Ever since I can remember, my number one priority was to keep the peace. It’s like my goal in life is to keep my relationships stable, my parents proud, and my teachers/supervisors impressed. With that much pressure on a person's shoulders, it’s amazing to me that I can even find a few hours to spend on nothing but myself. Sound familiar? If it does, you, like me, probably need to establish some little ways to put yourself first pronto because, as admirable as it may be to do what you can to make others happy, patience is a virtue, and you’re bound to lose it leading the lifestyle of a constant people-pleaser.
According to Robert Glatter, M.D., an assistant professor of emergency medicine at Lenox Hill Hospital, Northwell Health, a people-pleaser is someone who “sacrifices their interests in favor of, and in place of their own desires and wishes.” Now, from my understanding, that basically means living the life of a people-pleaser is two-fold: You’re damned if you do, and you’re damned if you don’t. When you're a people-pleaser and you fail to actually please other people for whatever reason, your self-esteem tends to take a hit: You feel like you’ve done something horribly wrong, even if it's not really a big deal to anyone else. But then, on the other side of that, in choosing to put others before yourself, you are, in a way, failing yourself, because your happiness is put on hold for the sake of other people. I realize that probably came off as a rant, but TBH, Glatter agrees.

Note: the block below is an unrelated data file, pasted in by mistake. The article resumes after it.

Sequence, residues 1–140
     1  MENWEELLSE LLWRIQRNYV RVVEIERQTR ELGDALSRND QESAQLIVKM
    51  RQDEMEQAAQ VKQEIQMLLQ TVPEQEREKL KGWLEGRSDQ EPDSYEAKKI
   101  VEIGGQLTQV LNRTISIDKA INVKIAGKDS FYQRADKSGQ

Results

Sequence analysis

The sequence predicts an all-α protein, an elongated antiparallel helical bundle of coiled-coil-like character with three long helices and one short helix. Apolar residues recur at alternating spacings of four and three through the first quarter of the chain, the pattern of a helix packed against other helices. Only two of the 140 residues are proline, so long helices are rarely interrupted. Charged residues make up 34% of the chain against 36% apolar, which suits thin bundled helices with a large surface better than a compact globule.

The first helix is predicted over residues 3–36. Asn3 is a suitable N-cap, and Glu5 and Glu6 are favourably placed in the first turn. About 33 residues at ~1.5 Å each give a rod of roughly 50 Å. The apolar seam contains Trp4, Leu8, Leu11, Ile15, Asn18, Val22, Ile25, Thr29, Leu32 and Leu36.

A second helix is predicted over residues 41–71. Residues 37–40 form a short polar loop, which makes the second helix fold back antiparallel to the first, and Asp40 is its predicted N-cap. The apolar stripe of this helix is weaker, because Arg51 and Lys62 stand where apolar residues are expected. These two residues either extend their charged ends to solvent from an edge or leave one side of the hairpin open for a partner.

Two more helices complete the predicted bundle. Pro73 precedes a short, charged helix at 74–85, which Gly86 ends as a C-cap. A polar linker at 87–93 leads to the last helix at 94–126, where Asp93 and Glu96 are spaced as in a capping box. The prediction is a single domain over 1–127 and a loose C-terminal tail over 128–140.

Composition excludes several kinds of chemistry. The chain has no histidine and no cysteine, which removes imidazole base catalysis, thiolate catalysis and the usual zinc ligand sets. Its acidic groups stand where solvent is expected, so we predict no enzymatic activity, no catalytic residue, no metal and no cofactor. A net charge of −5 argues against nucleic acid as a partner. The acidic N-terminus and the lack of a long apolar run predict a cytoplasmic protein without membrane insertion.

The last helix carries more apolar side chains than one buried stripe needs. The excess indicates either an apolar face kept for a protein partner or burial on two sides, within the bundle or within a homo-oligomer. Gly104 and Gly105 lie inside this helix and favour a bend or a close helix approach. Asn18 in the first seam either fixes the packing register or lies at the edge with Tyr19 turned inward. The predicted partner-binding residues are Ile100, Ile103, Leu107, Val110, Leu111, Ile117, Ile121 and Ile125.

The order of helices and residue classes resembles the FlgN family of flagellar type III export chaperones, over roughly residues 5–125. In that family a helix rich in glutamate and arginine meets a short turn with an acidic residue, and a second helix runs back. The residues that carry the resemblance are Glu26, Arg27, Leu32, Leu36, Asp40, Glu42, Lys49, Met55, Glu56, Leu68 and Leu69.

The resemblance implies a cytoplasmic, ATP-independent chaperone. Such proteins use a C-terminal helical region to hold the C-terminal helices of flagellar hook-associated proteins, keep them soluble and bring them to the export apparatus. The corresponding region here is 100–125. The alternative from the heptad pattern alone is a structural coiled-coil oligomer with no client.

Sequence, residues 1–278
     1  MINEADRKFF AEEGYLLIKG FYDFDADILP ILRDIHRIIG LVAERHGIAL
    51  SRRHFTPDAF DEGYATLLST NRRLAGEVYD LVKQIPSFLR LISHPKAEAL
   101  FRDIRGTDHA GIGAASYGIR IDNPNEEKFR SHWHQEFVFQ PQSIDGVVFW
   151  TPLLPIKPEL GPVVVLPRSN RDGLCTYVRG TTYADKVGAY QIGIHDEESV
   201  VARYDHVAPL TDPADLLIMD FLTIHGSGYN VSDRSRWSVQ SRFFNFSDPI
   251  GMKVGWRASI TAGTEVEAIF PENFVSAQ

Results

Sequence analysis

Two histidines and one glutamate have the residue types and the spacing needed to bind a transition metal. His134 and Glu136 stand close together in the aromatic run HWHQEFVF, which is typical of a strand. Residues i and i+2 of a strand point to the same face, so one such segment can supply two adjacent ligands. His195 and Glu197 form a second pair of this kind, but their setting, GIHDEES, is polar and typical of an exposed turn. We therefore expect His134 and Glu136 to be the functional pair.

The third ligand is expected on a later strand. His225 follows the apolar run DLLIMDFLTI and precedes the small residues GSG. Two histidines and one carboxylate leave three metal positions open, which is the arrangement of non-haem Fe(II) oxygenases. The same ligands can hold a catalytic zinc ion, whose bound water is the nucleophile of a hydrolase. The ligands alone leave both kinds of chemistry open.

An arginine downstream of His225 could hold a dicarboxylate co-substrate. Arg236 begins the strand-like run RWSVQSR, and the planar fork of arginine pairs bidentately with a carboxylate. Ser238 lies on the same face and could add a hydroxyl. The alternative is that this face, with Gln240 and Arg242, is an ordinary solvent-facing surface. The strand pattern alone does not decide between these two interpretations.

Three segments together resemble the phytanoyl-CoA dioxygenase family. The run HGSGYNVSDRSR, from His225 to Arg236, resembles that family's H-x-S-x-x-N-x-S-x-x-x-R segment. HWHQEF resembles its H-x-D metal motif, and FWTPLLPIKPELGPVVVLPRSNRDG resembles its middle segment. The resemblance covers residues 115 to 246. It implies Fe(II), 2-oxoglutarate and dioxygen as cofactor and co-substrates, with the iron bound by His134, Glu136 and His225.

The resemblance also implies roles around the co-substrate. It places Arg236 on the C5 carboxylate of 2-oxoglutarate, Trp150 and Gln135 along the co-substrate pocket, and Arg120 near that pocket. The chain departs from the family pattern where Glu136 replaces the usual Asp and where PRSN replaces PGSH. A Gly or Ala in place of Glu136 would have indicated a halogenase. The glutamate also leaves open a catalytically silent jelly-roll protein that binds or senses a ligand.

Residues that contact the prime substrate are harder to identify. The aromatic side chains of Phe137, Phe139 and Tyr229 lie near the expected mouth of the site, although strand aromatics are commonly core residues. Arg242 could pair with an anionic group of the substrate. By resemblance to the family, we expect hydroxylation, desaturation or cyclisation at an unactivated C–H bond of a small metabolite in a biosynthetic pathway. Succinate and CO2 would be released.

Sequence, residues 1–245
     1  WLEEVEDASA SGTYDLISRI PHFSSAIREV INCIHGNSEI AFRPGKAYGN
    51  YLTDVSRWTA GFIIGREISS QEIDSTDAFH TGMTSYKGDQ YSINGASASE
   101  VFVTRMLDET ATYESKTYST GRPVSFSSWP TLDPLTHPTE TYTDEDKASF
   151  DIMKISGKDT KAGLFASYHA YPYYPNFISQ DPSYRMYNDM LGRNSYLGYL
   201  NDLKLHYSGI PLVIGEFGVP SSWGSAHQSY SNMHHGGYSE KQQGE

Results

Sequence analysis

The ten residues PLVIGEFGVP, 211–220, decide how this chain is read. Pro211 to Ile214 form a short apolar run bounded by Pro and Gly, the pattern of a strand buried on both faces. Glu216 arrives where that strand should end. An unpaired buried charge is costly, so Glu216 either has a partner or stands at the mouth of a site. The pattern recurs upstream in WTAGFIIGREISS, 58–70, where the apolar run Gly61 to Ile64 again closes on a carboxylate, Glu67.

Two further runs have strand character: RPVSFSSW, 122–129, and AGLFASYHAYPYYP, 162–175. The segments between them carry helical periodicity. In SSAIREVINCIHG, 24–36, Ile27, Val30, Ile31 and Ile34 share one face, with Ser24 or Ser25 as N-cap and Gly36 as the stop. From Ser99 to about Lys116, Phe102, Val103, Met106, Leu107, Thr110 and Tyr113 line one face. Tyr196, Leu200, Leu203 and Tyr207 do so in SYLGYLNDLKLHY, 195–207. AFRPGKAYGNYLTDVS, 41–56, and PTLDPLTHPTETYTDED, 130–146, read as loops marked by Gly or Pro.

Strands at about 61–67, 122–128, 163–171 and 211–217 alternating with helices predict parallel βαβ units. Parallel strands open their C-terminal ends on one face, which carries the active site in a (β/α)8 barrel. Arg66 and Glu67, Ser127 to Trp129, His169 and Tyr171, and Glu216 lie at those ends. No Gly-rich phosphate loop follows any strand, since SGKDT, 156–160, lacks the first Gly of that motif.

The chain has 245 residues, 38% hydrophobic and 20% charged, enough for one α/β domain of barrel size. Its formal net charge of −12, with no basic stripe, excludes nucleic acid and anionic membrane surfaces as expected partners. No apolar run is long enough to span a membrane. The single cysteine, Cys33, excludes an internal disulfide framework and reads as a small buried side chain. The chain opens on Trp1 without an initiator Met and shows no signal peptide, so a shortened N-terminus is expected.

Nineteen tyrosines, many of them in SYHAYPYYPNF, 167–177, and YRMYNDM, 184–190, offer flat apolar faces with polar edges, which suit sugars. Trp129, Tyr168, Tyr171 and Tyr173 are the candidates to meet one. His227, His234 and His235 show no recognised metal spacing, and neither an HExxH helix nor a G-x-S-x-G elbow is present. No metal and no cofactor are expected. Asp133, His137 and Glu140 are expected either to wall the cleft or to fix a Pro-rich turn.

“The sacrifice of your own happiness creates a negative feedback loop whereby you keep trying to achieve happiness, but at the expense of making other people happy and content,” he tells Elite Daily. “Meanwhile, you lose control of your own wants and needs, and can’t achieve the happiness you ultimately desire.” In other words, this kind of dynamic is pretty similar to the whole, “you can’t love someone else until you love yourself” scenario. How can you make someone else happy if you don’t even know how to satisfy yourself? If that sounds like a pretty toxic cycle to you, that’s because it is.
See, the phrase "everything in moderation" doesn’t just apply to food. The amount of time and energy you spend trying to please others should be kept in moderation, too. Think of it this way: If you never consider anyone else’s emotions but yours, then you risk hurting the feelings of someone you care about. But if you only think about everyone else and never take your own well-being into consideration, you sacrifice your own happiness. Therefore, it’s best to land somewhere in the middle of the spectrum because, if you lean more toward the latter, according to Psychology Today, you might start to feel paranoid over the possibility outshining others, take on more responsibility than you can handle, and/or ending up caving into social pressure to do things you might not otherwise want to do.
But I know what you must be thinking, because I've been there, too (many times): How do you put yourself first if you've always been a people-pleaser? Here are a few expert tips to help you out.